Ploughgate () The Scotch equivalent of the English word plowland.
Penny () An English coin, formerly of copper, now of bronze, the twelfth part of an English shilling in account value, and equal to four farthings, or about two cents; -- usually indicated by the abbreviation d. (the initial of denarius).
Pykar () An ancient English fishing boat.
Parasang () A Persian measure of length, which, according to Herodotus and Xenophon, was thirty stadia, or somewhat more than three and a half miles. The measure varied in different times and places, and, as now used, is estimated at from three and a half to four English miles.
Pensioner () One of an honorable band of gentlemen who attend the sovereign of England on state occasions, and receive an annual pension, or allowance, of ￡150 and two horses.
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Piepowder () An ancient court of record in England, formerly incident to every fair and market, of which the steward of him who owned or had the toll was the judge.
to but distinct from the system used in languages like English
Pall-mall () A game formerly common in England, in which a wooden ball was driven with a mallet through an elevated hoop or ring of iron. The name was also given to the mallet used, to the place where the game was played, and to the street, in London, still called Pall Mall.
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Pipe () A roll formerly used in the English exchequer, otherwise called the Great Roll, on which were taken down the accounts of debts to the king; -- so called because put together like a pipe.
Film Review For His English Coursework
Pit () Formerly, that part of a theater, on the floor of the house, below the level of the stage and behind the orchestra; now, in England, commonly the part behind the stalls; in the United States, the parquet; also, the occupants of such a part of a theater.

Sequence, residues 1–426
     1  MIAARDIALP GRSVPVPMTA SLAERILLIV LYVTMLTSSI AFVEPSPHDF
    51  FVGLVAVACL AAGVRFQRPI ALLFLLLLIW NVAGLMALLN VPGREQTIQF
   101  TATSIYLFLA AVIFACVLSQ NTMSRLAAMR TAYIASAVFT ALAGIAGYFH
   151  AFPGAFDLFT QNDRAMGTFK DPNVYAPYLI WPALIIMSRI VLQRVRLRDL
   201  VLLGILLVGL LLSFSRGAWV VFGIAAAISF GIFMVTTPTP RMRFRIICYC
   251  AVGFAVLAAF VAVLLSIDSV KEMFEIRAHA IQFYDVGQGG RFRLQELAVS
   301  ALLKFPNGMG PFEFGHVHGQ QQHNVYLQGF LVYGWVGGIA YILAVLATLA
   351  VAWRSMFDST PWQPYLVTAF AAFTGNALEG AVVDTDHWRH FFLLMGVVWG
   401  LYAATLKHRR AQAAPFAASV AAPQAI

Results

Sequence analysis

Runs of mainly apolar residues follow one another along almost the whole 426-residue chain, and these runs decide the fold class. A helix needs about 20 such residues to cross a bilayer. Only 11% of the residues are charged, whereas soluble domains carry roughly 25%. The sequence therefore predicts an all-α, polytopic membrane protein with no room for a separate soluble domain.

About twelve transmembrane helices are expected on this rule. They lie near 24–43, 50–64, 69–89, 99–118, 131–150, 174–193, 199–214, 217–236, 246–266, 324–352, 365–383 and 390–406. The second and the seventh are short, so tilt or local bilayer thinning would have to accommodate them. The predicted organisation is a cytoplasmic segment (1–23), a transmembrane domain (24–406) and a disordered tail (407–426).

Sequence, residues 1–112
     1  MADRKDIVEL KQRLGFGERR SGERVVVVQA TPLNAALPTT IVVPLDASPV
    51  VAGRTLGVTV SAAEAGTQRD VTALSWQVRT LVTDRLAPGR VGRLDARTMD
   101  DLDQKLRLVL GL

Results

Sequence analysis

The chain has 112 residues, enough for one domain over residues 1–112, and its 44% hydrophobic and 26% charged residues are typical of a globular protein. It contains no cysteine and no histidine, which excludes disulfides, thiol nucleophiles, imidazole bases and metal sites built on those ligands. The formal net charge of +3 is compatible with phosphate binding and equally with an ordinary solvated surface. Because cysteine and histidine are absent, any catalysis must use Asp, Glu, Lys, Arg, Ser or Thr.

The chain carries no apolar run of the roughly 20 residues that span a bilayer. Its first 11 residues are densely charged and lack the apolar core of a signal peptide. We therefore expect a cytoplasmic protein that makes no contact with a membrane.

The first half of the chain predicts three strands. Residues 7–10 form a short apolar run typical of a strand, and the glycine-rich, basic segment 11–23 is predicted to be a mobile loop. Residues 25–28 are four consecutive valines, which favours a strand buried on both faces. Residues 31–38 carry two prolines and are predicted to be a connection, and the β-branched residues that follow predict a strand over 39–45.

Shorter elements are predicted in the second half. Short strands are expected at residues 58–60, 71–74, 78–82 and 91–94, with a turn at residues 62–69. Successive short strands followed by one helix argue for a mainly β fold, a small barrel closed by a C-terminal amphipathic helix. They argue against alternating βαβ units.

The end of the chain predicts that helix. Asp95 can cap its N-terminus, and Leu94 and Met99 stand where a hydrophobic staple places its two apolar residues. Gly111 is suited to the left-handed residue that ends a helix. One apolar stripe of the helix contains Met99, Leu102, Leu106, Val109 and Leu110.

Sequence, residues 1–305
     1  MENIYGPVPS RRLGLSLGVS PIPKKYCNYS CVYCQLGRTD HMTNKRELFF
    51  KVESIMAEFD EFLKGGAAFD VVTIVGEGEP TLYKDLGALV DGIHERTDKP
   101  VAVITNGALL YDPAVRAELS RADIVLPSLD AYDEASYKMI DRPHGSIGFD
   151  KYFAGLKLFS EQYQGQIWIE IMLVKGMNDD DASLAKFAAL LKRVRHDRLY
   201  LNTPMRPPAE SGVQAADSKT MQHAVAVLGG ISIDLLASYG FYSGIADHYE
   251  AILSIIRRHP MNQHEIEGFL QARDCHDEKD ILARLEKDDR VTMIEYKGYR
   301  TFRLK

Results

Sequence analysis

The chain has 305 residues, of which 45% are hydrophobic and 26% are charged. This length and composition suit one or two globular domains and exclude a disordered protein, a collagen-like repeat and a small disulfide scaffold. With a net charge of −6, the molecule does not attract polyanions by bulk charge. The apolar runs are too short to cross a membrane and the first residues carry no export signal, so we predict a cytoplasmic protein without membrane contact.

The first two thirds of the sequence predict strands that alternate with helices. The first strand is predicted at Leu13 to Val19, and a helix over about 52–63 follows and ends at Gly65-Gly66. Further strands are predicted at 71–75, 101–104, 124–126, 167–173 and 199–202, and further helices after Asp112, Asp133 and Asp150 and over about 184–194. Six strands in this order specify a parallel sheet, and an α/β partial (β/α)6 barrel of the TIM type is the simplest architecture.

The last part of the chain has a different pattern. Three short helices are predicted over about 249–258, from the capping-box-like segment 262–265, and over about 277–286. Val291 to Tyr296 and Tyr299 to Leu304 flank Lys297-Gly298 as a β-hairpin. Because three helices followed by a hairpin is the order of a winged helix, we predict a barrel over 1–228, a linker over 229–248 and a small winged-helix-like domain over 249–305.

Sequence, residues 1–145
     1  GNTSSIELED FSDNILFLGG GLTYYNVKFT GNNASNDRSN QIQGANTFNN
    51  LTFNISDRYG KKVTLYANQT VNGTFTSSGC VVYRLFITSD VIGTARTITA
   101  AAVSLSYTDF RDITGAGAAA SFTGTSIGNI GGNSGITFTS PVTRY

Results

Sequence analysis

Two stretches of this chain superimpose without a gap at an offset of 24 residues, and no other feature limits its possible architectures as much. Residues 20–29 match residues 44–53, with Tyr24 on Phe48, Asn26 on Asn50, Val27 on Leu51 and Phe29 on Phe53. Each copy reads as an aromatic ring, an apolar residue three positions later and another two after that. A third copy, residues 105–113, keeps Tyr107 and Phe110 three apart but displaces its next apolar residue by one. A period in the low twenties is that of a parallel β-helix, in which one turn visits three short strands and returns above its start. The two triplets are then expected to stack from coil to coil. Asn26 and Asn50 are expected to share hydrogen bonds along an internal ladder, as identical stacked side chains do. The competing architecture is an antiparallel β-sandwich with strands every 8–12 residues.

Polysynthetic language - Wikipedia
Palladium () A rare metallic element of the light platinum group, found native, and also alloyed with platinum and gold. It is a silver-white metal resembling platinum, and like it permanent and untarnished in the air, but is more easily fusible. It is unique in its power of occluding hydrogen, which it does to the extent of nearly a thousand volumes, forming the alloy Pd2H. It is used for graduated circles and verniers, for plating certain silver goods, and somewhat in dentistry. It was so named in 1804 by Wollaston from the asteroid Pallas, which was discovered in 1802. Symbol Pd. Atomic weight, 106.2.
There is no generally agreed upon definition of polysynthesis
Plymouth Brethren () The members of a religious sect which first appeared at Plymouth, England, about 1830. They protest against sectarianism, and reject all official ministry or clergy. Also called Brethren, Christian Brethren, Plymouthists, etc. The Darbyites are a division of the Brethren.